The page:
17. 17. 2. Fructose uptake requires a sodium-independent monosaccharide transporter(GLUT-5) for its absorption.3. All three monosaccharides aretransported from the intestinal mucosal cellinto the portal circulation by yet anothertransporter, GLUT-2.17
  18. 18. Glucose metabolismImportance of Glucose:1. Glucose is the preferred source of energy for most of the body tissues. Brain cells derive energy mainly from glucose.2. When glucose metabolism is deranged, life- threatenung conditions may occur. A minimum amount of glucose is always required for normal functioning.3. Normal fasting plasma glucose level is 70 to 110 mg/dl. After a heavy carbohydrate meal, in a normal person, this level is below 150 mg/dl. 18
  19. 19. • Glucose is used in:• Oxidation:• The pathways for oxidation of glucose are classified into two main groups:• A. The major pathways which are mainly for energy production:• 1. Glycolysis.• 2. Citric acid cycle (CAC).• B. The minor pathways for oxidation which are not for energy production:• 1. Hexose monophosphate shunt (HMS).• 2. Uronic acid pathway. 19
  20. 20. • II. Conversion to biologically active substances as:• 1. Galactose: which is essential for formation of lactose, glycolipids, mucopolysaccharides, ...etc.• 2. Fructose: needed for nutrition of sperms.• 3. Amino sugars.• 4. Non-essential amino acids.• 5. Fatty acids.• 6. Ribose-5-P.• 7. Glucuronic acid. 20
  21. 21. • III. Storage of glucose:• 1. As glycogen in the liver and muscles mainly.• 2. As triglycerides (TG), mainly in adipose tissues.• IV. Excretion of glucose in urine:• When blood glucose level exceeds a certain limit (renal sugar threshold), it will pass to urine. This will occur when blood glucose level is above 180 mg/dl and this is known as glucosuria.21
  22. 22. Glycolysis (Embden Meyerhof Pathway)Definition:• It is degradation of glucose to generate ATP and to provide intermediates for other synthetic and metabolic pathways. Aerobically it ends with pyruvate while anaerobically lactate is the end product. Site of glycolysis:• It occurs in the cell cytosol of all tissues. 22
  23. 23. Glycolysis (Embden-Meyerhof Pathway)Importance of the pathway• In this pathway glucose is converted to pyruvate (aerobic condition) or lactate (anaeroboic condition), along with production of a small quantity of energy.• Glycolysis is the only source of energy in erythrocytes. 23
  24. 24. • In strenuous exercise, when muscle tissue lacks enough oxygen, anaerobic glycolysis forms the major source of energy for muscles.• The glycolytic pathway may be considered as the preliminary step before complete oxidation.• The glycolytic pathway also provides carbon skeleton for synthesis of certain nonessential amino acids as well as glycerol part of fat.• Most of the reactions of the glycolytic pathway are reversible, which are also used 24 for gluconeogenesis.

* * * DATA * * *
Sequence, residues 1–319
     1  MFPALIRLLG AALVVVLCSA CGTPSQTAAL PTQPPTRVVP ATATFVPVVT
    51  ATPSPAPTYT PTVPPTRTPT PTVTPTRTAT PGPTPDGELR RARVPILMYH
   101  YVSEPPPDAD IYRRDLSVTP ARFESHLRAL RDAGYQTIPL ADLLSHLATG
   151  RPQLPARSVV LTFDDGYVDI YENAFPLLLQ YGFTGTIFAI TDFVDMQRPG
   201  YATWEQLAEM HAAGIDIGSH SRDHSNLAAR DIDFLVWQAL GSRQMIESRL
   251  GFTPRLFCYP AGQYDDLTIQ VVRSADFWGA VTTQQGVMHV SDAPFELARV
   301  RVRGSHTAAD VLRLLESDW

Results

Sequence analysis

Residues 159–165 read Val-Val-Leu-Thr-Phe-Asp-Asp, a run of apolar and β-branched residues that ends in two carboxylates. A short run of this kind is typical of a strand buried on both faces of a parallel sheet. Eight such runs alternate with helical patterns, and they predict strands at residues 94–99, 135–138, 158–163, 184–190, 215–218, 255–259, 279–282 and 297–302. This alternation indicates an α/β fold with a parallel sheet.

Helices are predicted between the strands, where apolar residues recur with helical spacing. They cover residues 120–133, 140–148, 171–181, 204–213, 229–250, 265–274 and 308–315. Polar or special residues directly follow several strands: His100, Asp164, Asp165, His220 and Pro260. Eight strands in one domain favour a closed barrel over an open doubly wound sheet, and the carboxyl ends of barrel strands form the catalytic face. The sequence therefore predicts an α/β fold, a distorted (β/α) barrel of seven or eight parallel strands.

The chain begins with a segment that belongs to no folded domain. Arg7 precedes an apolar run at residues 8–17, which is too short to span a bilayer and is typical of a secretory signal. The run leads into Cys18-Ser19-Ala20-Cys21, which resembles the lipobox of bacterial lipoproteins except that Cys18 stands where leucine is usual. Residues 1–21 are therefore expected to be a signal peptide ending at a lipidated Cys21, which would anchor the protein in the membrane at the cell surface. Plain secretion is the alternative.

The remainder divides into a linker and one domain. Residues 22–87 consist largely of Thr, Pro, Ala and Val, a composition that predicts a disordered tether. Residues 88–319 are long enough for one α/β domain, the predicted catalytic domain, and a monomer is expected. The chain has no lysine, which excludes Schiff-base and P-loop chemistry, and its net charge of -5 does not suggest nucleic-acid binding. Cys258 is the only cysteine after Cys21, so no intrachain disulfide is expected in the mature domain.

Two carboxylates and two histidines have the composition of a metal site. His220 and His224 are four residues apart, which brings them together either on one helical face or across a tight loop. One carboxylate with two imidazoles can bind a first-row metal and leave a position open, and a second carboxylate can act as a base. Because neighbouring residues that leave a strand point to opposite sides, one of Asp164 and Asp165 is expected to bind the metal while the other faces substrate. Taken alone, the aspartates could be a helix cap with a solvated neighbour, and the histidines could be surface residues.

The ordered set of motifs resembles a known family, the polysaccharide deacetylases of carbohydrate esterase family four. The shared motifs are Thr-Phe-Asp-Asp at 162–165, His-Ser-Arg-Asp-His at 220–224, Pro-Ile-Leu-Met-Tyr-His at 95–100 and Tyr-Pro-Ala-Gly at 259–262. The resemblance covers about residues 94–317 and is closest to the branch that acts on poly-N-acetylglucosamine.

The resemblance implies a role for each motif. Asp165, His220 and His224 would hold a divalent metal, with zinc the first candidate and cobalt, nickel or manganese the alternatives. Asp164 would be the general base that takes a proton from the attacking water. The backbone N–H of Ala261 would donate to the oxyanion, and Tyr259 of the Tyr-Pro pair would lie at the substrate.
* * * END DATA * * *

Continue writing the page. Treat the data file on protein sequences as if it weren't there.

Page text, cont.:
25. 25. • Steps of glycolysis:• Conversion of glucose to G-6-P, is irreversible (non-equilibrium reaction). It is catalyzed by glucokinase (in liver and pancreas) or by hexokinase (in all other tissues).• Aldolase A: (F1,6 diphosphate aldolase) Occurs in most tissues. Two molecules of ATP are liberated in each step since every molecule of glucose gives rise to two trioses.25
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  28. 28. Energy production1. Under aerobic conditions: Glucose ------→ 2 Pyruvate + 8 ATP. For tissues that have mitochondria, glycolysis is considered a preparatory step for complete oxidation via citric acid cycle since pyruvate is transported into the mitochondria to provide oxaloacetate or active acetate where it is oxidized by citric acid cycle for more energy. 28
  29. 29. • The hydrogens of NADH produced by glycolysis are transported to the mitochondria mainly to be oxidized by electron transport chain (ETC).• 2. Under anaerobic conditions: Glucose ------→ 2 lactate + 2 ATP Pyruvate is reduced to lactate in a reversible reaction catalyzed by lactate dehydrogenase (LDH). 29
  30. 30. • This occurs in muscles during severe exercise (hypoxic conditions) and in tissues that lack mitochondria as RBCs and lens.30
  31. 31. Cori’s cycle or lactic acid cycle• In an actively contracting muscle, only about 8% of the pyruvate is utilized by the citric acid cycle, and the remaining molecules are therefore reduced to lactate.• The lactic acid thus, generated should not be allowed to accumulate in the muscle tissues.• The muscle cramps, often associated with strenuous muscular exercise, are through to be due to lactate accumulation.31
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  33. 33. Regulation of glycolysis Hormonal regulation of glycolysis:• a) Glucagon : is secreted in hypoglycemia or in carbohydrate deficiency. It affects liver cells mainly as follows: It acts as inhibitors for glycolytic key enzymes (glucokinase,PFK-1, pyruvate kinase).• b) Insulin: It is secreted in hyperglycemia and after carbohydrates feeding, it causes: Stimulation of glycolytic key enzymes. 33
  34. 34. Inhibitors of glycolysis:1- 2- deoxyglucose inhibits hexokinase.2- Mercury and iodoacetate inhibit glyceraldehyde-3-P dehydrogenase.3- Fluoride inhibits enolase by removal of Mg2+ as Mg fluoride.34